The Department has announced a relaxation of some rules around the movement of animals where the welfare or lives of animals are threatened.
The severe weather of recent days has caused serious flooding in many areas of the country but particularly in Connaught, Munster and the midlands where some farmland has been seriously affected by the exceptionally high level of rainfall.
The Department of Agriculture has this week issued guidelines for farmers who’s holdings have suffered serious flooding in the past week.
Key details on animal movements
- In general, there is no restriction on the movement of cattle within the same holding, including onto parcels within the same holding.
- The movement of animals that are ‘in test’ from herds which are not restricted due to TB can be effected relatively easily on the basis of a Compliance Certificate which can obtained from the DVO, the local mart, the herd PVP (if registered to do so) or printed out by the herdowner himself.
- In the case of ’out of test’ animals or herds which are restricted due to TB, the movement of such animals or cattle out of these herds is prohibited except where they are going direct to slaughter.
- Exceptions to the above rules can be made where the welfare or lives of animals is threatened. Every effort must be made to prevent, if possible, and if not to limit the exposure of such animals to other TB susceptible animals.
- In the case of non-restricted herds, where the animals are at risk, the herdowner should move the animals to higher ground on his/her own farm if this is possible. If this is not possible and the herdowner is unable to get a compliance cert from the DVO or print one out himself/herself, the animals may be moved out of the holding.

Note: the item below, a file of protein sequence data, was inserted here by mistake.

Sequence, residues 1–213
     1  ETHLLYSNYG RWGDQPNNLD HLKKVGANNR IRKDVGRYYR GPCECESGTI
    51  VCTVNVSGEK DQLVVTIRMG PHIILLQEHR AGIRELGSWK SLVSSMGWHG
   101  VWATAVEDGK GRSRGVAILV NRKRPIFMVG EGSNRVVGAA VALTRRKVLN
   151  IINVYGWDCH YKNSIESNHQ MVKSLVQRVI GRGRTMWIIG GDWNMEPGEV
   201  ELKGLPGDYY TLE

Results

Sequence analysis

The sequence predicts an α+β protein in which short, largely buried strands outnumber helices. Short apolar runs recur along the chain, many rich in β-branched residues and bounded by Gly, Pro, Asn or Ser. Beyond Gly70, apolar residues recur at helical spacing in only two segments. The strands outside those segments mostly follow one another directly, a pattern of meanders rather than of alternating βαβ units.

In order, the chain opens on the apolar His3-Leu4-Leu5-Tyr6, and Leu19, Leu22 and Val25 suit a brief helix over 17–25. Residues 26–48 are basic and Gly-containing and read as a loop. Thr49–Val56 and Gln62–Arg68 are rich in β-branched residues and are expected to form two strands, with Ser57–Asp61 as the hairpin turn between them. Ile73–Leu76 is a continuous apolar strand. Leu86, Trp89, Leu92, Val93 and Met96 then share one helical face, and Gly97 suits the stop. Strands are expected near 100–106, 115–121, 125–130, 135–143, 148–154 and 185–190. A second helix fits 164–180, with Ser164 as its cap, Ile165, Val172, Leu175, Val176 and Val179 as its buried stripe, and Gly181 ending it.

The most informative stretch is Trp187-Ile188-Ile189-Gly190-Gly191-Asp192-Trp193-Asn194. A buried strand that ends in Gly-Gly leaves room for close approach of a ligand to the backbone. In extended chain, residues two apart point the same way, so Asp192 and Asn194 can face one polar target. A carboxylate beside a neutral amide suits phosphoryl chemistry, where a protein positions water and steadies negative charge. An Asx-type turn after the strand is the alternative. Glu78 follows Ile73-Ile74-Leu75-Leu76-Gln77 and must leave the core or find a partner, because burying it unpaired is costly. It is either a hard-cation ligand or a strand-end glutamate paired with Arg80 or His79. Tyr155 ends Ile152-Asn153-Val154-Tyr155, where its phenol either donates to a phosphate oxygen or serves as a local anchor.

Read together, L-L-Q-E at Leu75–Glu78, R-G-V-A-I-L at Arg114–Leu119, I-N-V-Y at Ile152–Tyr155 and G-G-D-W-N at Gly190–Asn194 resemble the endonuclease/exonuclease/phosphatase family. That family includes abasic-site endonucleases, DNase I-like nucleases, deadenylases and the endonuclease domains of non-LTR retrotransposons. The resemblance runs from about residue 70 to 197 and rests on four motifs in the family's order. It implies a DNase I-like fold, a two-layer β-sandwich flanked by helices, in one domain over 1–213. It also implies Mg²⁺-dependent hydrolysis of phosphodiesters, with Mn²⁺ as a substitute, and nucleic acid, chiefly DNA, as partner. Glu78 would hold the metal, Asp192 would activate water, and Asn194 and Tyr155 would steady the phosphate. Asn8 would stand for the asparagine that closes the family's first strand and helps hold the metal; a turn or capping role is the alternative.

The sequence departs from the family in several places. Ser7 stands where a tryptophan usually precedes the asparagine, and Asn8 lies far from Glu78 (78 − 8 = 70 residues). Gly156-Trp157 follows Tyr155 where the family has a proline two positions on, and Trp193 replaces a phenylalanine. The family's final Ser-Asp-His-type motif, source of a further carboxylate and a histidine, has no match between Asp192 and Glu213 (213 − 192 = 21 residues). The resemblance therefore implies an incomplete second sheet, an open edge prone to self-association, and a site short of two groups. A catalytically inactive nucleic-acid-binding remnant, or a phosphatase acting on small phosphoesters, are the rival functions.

- In the case of TB restricted herds, where the animals are at risk, the herdowner should move the animals to higher ground on his/her own farm if this is possible. If this is not possible and the herdowner is unable to get a movement permit from the DVO the animals may be moved out of the holding. In these circumstances, the herdowner should notify the DVO as soon as possible after movement.
In addition to the above flexibilities to address any issues concerning animal welfare the Minister said that in line with previous severe weather incidents and insofar as farm inspections are concerned, the Department will take account of the damage caused by flooding and deal sensitively with such inspection cases.
Matters relating to damage to property (such as fences) or the adverse condition of land due to severe flooding or storm damage will be dealt with using force majeure provisions, he said.